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NO. 3 USC AT CALIFORNIA Today at Memorial Stadium 3:30
p.m., Fox Sports Net

Trojans Have Developed New Sense of Entitlement

Conference opener marks the beginning of a difficult road stretch, but USC sees it as the start of something big.

September 27, 2003|Gary Klein | Times Staff Writer

BERKELEY — USC players are becoming extremely possessive.

After sharing the Pacific 10 Conference championship last season, the Trojans want to go solo.

"We want that title for ourselves," sophomore tailback Hershel Dennis said. "We want to be alone at the top every year."

The third-ranked Trojans (3-0) can take the first step toward achieving that feat when they play California (2-3) in their Pac-10 opener today at Memorial Stadium.

Last year, USC finished 7-1 in conference play, shared the title with Washington State, earned its first bowl championship series game appearance and routed Iowa in the Orange Bowl.

This season, the Trojans are eyeing a potential run to the national championship game in the Sugar Bowl.

The Trojans' road to New Orleans, however, would include four difficult detours in the next five weeks.

"We'll have to be road warriors for a while," said USC Coach Pete Carroll, whose team plays at Arizona State next week, at Notre Dame on Oct. 18 and at Washington on Oct. 25. "I think we're ready for the challenge."

USC players are eager to play in any location after a bye last week. Today's game is the Trojans' first since Sept. 13, when they defeated Hawaii, 61-32, at the Coliseum.

Sophomore quarterback Matt Leinart said the Trojans have not lost the edge that helped them shut out Auburn and defeat Brigham Young and Hawaii.

"As far as intensity, I think we've picked it up a little bit knowing it's Pac-10 and knowing that we have to start things going," said Leinart, who has passed for 647 yards and six touchdowns with three interceptions. "We want to set a tone early in this conference."

Cal Coach Jeff Tedford said USC "stands alone in the conference as far as being a powerhouse. Ever since midseason last year, they've caught fire."

Tedford would know.

USC overcame a 21-3 deficit against Cal last season and defeated the Golden Bears, 30-28, to start what has grown into an 11-game winning streak.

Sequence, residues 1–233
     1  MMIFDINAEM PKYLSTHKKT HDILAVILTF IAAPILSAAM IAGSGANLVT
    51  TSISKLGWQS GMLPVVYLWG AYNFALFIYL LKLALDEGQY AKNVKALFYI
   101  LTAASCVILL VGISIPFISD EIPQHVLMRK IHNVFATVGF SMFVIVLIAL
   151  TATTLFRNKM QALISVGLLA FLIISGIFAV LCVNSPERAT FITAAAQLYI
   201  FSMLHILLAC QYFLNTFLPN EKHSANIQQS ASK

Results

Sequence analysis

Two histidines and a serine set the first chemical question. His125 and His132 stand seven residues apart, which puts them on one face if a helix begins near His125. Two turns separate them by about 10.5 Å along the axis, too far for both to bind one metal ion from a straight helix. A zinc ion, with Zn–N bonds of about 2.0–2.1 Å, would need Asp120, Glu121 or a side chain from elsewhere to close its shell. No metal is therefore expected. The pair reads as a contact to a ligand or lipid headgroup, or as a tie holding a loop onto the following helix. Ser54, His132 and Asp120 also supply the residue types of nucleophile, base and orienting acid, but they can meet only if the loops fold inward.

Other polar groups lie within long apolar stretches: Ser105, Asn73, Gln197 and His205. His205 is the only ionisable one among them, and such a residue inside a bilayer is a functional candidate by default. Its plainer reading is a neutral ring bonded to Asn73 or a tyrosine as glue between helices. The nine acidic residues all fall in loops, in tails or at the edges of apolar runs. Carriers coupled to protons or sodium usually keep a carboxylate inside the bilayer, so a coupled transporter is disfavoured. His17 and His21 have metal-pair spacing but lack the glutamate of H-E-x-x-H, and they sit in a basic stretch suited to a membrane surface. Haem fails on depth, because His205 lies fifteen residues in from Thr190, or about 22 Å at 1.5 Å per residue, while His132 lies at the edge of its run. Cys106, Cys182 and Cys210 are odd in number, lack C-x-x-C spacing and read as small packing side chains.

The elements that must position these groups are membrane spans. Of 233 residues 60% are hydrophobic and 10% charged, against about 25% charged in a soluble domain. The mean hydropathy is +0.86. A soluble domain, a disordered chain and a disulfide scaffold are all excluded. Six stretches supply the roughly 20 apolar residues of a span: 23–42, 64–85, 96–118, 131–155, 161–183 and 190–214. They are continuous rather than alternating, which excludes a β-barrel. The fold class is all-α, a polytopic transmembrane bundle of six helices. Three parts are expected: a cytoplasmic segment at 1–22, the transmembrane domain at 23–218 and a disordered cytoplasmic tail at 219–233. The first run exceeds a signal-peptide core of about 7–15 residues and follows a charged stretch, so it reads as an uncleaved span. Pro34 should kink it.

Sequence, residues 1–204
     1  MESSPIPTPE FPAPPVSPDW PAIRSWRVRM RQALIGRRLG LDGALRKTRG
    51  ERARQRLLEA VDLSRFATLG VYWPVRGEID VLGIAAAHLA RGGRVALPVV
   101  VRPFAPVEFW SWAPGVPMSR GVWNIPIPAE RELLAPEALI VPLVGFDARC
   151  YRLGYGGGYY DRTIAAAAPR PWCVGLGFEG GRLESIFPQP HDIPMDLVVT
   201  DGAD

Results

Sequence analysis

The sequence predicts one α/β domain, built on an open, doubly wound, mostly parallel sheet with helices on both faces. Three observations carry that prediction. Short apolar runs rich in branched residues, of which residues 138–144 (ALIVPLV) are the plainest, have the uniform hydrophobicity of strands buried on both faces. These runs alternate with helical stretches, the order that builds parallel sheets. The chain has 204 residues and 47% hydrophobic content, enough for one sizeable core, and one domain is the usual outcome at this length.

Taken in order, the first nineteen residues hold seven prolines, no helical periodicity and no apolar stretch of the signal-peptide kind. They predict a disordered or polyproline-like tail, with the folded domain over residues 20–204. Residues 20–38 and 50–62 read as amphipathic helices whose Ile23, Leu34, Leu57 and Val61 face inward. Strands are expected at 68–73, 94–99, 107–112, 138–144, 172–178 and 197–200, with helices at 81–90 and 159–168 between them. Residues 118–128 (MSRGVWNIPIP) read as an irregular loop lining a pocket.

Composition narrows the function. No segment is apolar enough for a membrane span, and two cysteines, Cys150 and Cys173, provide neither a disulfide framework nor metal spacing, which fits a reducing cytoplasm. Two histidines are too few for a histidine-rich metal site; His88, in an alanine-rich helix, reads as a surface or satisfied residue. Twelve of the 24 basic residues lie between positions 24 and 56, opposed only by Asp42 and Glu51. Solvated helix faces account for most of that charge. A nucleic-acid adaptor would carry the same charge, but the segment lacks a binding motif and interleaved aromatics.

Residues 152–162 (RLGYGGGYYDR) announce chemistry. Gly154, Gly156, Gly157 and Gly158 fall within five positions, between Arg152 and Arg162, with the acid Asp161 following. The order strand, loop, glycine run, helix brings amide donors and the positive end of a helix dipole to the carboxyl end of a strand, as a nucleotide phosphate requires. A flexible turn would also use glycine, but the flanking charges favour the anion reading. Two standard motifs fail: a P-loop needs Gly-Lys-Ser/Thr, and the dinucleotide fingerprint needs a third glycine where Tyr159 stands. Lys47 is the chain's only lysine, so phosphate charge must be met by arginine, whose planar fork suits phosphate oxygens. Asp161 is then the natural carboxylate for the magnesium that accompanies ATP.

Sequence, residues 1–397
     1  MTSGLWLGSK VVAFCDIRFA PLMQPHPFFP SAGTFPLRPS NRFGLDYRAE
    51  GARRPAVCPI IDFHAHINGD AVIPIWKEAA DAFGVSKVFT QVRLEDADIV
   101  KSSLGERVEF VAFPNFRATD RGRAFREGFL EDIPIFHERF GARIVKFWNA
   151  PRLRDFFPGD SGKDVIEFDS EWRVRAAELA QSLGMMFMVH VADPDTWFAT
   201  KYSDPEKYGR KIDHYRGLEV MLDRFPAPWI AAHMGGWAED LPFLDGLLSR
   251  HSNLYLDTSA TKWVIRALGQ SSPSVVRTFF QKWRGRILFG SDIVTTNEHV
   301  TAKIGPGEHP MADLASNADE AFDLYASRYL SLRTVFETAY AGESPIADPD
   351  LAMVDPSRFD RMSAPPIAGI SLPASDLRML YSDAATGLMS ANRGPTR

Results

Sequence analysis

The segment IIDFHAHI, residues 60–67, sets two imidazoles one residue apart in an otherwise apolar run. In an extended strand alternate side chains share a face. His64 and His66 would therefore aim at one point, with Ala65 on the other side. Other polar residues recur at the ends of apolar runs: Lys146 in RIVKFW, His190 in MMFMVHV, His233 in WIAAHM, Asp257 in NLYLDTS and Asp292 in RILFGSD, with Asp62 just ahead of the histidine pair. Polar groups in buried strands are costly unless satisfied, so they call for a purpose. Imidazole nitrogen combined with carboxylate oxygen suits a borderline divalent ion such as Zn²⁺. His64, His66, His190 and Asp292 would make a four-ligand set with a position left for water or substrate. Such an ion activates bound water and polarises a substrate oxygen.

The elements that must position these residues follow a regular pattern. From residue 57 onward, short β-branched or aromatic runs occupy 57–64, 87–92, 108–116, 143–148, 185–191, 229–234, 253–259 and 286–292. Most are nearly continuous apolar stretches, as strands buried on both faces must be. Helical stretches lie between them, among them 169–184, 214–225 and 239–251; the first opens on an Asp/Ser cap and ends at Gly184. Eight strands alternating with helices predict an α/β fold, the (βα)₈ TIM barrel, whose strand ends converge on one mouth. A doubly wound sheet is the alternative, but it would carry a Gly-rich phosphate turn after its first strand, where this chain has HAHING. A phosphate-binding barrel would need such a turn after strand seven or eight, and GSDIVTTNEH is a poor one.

The Trojans hope to avoid the need for a similar comeback against a Cal team that has already played five games.

"They've got to be feeling pretty sure of themselves -- who they've got and what they're doing," Carroll said. "We're still figuring some stuff out with young running backs and stuff like that."

Sultan McCullough rushed for 176 yards in 39 carries against Cal last season, but none of the Trojans' young tailbacks expect a similar workload today.

Freshman Reggie Bush said he anticipated a rotation similar to the one employed against Hawaii, when Bush, freshman LenDale White and Dennis averaged more than five yards a carry.

"We have too much talent for one running back to have 39 carries," Bush said. "I think that's what makes us so good. We have different styles for different situations."

Cal is coming off a 31-24 victory at Illinois after blowing fourth-quarter leads in losses against Colorado State and Utah.

The Golden Bears began the season with nine new starters on defense. They are surrendering 418.4 yards a game, which ranks ninth in the Pac-10.

"They're playing hard, but it's a situation where they've battled and battled and we've given up some plays," Tedford said.

Cal's offense got a spark last week when Tedford had sophomore Aaron Rodgers replace Reggie Robertson as the starting quarterback.

Rodgers, a transfer from Butte College, completed 20 of 37 passes for 263 yards and a touchdown against Illinois. He has completed 46 of 79 attempts without an interception.

Rodgers' favorite target is junior receiver Geoff McArthur, a former standout at Palisades High who is averaging seven receptions a game and 17.9 yards a catch. McArthur caught 10 passes for 155 yards and a touchdown against Illinois.

Adimchinobe Echemandu and junior college transfer J.J. Arrington lead Cal's rushing attack. Echemandu is averaging 69 yards a game and 5.2 yards a carry. Arrington averages 4.5 yards a carry.

Carroll said he is looking forward to the challenge of matching up against Tedford, who is regarded as one of the conference's most innovative offensive coaches.

"He creates challenges for us on defense," Carroll said. "It's a very wide-open style. They do a lot of things that make it very difficult for us."

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